London (CNN Business)Strongman leaders around the world are using the coronavirus crisis to stifle journalists, a leading press freedom watchdog has warned, as it bemoaned a missed opportunity to highlight the severity of the outbreak in its early days in Wuhan, China.
Reporters Without Borders (RSF) criticized China for censoring early coverage of the coronavirus outbreak, telling CNN Business that the global pandemic could have been averted or lessened had journalists had more freedom in the country.
It also condemned Hungarian President Viktor Orbán for securing sweeping new powers to punish journalists in the wake of the crisis, and singled out US President Donald Trump and Brazil’s Jair Bolsonaro for their attempts to “denigrate the media and encourage hatred of journalists” in their respective countries.
“If there had been a free press in China, if these whistleblowers hadn’t been silenced, then this could have been prevented from turning into a pandemic,” RSF’s UK bureau director Rebecca Vincent told CNN Business, as the group unveiled its annual assessment of media liberty in 180 countries.
“Sometimes we can talk about press freedom in a theoretical way, but this shows the impact can at times be physical. It can affect all of our health,” she said.
Chinese politicians downplayed the severity of the virus in its early weeks, while police targeted “rumormongers” and censors deleted any commentary that questioned the official line. Wuhan’s mayor Zhou Xianwang later said he understood the public was “unsatisfied with our information disclosure.”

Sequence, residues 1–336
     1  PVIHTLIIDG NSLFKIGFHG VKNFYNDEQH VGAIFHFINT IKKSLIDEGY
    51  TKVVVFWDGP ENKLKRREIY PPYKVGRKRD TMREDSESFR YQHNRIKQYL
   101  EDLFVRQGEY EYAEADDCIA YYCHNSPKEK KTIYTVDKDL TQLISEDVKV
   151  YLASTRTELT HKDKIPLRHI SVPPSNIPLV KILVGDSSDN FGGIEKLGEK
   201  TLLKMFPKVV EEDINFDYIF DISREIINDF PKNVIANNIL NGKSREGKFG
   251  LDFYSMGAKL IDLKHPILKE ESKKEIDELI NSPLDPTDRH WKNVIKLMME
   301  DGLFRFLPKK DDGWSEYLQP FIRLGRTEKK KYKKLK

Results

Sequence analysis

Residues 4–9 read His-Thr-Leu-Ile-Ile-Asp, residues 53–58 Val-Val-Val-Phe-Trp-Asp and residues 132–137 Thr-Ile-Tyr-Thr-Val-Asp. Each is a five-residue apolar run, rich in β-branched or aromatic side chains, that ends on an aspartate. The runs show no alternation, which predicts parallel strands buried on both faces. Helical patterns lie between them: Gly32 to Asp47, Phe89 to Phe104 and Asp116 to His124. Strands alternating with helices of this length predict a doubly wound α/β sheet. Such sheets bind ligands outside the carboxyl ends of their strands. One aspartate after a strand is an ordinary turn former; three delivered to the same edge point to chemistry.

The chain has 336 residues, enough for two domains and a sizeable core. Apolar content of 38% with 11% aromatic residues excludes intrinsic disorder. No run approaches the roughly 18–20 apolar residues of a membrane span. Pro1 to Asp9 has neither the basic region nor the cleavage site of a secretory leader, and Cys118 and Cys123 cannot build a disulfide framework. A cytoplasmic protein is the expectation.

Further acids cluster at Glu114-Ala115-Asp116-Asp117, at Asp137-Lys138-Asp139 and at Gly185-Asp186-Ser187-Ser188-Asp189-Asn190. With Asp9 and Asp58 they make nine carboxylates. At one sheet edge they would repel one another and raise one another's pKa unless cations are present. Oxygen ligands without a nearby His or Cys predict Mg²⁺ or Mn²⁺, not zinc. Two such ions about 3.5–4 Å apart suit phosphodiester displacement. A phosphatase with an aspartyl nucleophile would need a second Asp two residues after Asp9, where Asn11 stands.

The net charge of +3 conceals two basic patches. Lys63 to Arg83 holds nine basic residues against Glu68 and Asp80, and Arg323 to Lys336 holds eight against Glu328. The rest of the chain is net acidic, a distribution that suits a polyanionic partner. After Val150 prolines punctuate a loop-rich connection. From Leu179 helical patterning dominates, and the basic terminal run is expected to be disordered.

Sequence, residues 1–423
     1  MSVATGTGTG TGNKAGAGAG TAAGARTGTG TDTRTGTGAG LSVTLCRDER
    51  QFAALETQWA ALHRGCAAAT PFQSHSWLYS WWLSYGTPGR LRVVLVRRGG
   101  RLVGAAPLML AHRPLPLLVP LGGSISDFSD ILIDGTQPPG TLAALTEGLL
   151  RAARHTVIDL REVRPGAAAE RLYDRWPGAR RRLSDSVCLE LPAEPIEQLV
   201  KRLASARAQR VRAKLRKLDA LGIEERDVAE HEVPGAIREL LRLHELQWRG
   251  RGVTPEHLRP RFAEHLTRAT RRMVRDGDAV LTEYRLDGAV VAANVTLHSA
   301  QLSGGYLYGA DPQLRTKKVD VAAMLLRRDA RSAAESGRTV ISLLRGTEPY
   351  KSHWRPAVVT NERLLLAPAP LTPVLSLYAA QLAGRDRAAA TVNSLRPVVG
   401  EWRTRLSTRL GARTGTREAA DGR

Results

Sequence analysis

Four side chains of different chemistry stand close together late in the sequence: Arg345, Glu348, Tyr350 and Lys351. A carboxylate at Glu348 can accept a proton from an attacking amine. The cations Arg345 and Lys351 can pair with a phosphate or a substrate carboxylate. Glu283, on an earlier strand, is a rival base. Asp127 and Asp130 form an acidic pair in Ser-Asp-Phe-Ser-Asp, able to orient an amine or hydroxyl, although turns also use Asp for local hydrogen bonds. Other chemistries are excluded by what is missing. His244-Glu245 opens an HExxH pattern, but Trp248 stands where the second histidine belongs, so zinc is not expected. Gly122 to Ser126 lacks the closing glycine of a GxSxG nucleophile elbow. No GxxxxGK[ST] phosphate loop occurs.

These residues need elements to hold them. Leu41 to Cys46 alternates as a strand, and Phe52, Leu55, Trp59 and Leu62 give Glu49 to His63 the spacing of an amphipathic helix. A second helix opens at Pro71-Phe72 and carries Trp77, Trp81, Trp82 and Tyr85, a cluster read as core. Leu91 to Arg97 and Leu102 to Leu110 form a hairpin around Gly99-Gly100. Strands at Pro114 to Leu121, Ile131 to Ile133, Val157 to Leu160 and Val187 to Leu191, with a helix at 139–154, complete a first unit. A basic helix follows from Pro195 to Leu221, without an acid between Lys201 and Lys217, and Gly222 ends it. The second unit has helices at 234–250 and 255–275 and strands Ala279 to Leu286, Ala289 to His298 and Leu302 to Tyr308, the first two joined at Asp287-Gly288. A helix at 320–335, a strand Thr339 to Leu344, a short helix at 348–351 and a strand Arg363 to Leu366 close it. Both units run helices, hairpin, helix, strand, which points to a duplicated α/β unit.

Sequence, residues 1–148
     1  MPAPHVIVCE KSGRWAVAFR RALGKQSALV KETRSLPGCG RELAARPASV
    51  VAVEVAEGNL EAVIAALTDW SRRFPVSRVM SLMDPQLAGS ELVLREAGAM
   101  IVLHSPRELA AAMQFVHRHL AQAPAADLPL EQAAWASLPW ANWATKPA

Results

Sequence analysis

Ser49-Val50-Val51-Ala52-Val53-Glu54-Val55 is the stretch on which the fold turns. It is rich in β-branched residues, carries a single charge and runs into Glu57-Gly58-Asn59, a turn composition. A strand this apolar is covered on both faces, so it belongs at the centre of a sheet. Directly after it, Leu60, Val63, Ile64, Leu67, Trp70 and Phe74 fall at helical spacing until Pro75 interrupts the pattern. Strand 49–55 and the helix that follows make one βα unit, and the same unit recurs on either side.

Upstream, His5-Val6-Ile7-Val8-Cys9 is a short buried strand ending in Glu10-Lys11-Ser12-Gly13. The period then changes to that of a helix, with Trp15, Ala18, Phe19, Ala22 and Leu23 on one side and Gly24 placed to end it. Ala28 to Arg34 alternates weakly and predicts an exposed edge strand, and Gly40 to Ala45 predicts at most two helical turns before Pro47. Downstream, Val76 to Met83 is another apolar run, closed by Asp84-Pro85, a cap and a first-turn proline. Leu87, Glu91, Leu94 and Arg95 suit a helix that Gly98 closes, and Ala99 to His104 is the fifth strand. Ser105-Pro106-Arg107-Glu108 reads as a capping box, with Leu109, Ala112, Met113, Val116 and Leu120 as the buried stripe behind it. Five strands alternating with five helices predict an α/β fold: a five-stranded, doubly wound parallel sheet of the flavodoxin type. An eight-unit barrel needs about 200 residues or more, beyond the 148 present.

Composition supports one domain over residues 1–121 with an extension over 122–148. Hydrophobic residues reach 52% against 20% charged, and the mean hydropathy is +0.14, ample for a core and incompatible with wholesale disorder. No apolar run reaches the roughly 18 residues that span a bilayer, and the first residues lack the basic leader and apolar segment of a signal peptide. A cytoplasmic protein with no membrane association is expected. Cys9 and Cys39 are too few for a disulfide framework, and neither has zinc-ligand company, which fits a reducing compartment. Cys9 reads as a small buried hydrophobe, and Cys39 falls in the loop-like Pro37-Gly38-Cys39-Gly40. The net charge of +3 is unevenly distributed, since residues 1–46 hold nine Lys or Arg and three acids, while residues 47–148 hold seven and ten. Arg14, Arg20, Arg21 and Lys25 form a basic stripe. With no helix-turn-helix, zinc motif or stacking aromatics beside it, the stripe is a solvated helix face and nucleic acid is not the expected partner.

“Reporting the truth at the earliest possible moment would have allowed the rest of the world to react probably earlier and probably more seriously,” Vincent said. “The consequences (of stifling media freedom) are actually deadly.”
The Chinese embassy in the United States did not respond to CNN Business’ request for comment.
Norway topped the global index of media freedom for the fourth year in a row, with Scandinavian countries filling the top spots. Finland came in second, Denmark third and Sweden fourth.
The United States rose slightly but remained in 45th place, just below Taiwan and above Papua New Guinea.
And the United Kingdom slid two spots to 35th place after the death of Northern Irish journalist Lyra McKee, who was murdered amid rioting in Londonderry, also known as Derry, in April 2019. Her death — the first killing of a journalist in the United Kingdom since 2001 — marked “a staggering low point for press freedom in the UK,” RSF said.
Global press freedom rankings (selected countries):
- 1. Norway
- 2. Finland
- 3. Denmark
- 4. Sweden
- 5. Netherlands
- 6. Jamaica
- 7. Costa Rica
- 8. Switzerland
- 9. New Zealand
- 10. Portugal
- 11. Germany
- 16. Canada
- 26. Australia
- 34. France
- 35. United Kingdom
- 45. United States
- 142. India
- 149. Russia
- 177. China
The ratings came at the end of another tumultuous 12 months for the press. The RSF was again harshly critical of Trump’s rhetoric, accusing the United States and Brazil of “becoming models of hostility towards the media.”
Trump has frequently attacked media outlets and individual journalists, including at his daily coronavirus White House briefings, and Vincent said the US President has “continued to set that poor example which has emboldened strongman figures in other countries.”
The group’s “global indicator” of media freedom worldwide has now declined by 13% since it was created in 2013, despite a marginal uptick in the past year.
And concerns were raised about the new decade, which has begun with strongmen grasping further powers amid the coronavirus pandemic. Among them is Hungary’s leader Orbán, who last month was granted powers to rule by decree, allowing him to issue punishments for journalists if the government believes their coronavirus reporting is not accurate.
The biggest risers in the index were Malaysia and the Maldives, following elections in each country.
Other countries to record declining ratings included Poland, where the populist Law and Justice party won a convincing re-election and promised tighter restrictions on the media, and the semi-autonomous Chinese city of Hong Kong, which was rocked by anti-government protests for most of 2019.